An interesting thought to conjure with is whether the yields in some cases could have been even better if the memory of last year's trauma had not persuaded some airlines to panic and sell some of their seat capacity too early at too low a price. Indeed, SAS seems to have suffered from this to some extent.

Revenue prospects

The performance on the revenue side of the equation has not only improved but looks good into the future too. For the most part (except perhaps KLM) rigorous control continues to be exercised over future capacity growth. Indeed the message from many of the management's that have reported so far has been to underline the significance of and benefit from the slower rates of capacity growth that have been evident this year so far. Indeed it is also reasonably clear that the thesis holds true that periods of pain generally provoke an outbreak of more rational behaviour.

Although there has clearly been an improvement on the revenue side and indeed in a number of cost areas too, fuel, despite hedging remains a problem. There are several ways to show the impact of the increase in the fuel price. At this stage the focus is on the effect that it has on offsetting improved revenue performance. As ever, simple measures can often be the best and here the simplest is to look at the change in the fuel bill related to the change in revenue. Of course there are always distortions with aggregate figures but in this case they are negligible.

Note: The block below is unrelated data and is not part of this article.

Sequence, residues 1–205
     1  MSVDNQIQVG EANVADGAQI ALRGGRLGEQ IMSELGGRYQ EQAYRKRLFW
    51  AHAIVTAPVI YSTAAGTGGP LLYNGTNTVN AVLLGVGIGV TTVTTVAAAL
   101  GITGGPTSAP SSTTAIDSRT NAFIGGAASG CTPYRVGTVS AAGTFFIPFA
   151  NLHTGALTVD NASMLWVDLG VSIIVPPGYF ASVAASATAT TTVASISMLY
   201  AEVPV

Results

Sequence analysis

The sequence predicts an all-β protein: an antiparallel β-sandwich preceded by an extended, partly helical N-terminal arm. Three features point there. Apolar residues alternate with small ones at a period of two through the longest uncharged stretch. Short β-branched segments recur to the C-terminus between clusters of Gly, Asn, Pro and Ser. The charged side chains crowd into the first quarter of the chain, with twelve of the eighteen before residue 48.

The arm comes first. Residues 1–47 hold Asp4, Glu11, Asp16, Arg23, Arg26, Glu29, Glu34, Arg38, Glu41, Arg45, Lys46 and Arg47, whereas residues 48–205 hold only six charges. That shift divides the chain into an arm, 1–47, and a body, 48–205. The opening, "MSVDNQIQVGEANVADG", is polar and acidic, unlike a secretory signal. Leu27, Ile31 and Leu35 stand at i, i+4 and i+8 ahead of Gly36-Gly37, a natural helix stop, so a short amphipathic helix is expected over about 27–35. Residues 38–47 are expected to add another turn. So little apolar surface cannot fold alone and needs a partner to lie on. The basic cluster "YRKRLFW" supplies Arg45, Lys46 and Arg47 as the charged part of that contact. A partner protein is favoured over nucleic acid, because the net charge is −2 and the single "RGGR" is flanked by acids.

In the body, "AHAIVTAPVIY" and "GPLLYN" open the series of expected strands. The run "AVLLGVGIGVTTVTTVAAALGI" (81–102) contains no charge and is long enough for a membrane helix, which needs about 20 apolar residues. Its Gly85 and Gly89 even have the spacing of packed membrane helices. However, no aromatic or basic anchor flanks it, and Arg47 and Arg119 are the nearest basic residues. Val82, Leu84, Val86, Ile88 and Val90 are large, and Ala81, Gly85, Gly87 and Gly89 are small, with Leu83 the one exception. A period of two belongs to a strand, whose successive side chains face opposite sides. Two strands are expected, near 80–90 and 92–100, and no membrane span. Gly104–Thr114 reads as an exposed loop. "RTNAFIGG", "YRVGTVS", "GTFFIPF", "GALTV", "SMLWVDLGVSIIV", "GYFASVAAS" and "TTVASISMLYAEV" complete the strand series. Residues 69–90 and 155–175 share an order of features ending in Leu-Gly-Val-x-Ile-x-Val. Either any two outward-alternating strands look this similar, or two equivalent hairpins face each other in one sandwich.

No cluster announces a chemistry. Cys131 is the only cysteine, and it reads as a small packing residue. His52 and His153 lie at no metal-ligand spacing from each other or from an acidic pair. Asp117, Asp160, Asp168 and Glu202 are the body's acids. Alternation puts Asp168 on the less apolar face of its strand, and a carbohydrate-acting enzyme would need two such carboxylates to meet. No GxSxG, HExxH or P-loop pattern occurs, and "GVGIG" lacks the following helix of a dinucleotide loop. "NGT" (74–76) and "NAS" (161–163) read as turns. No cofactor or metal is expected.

Not only was fuel a problem in the June quarter but with the fuel price testing new highs now - at a time when a reversal might reasonably be expected - the outlook does not augur well. Indeed industry- wide fuel surcharges of perhaps some 4% could be just around the corner. Even a surcharge of this size is unlikely to have an impact on travel in the current environment. On a $200 fare it would not add much more than the cost of two or three cappuccinos in a designer coffee house.

In conclusion, there is a better revenue outlook in the near and medium term, even allowing for an economic slowdown in the US. Continuing rational behaviour is in prospect from the airlines despite new aircraft orders and option conversions. The darker clouds come in two areas: the prospect of a fuel surcharge to recoup the oil price hike; and some labour problems that are beginning to emerge. But it appears that the present good news could just be the start of something more sustainable. Keep watching this space for further developments.

Source: Airline Business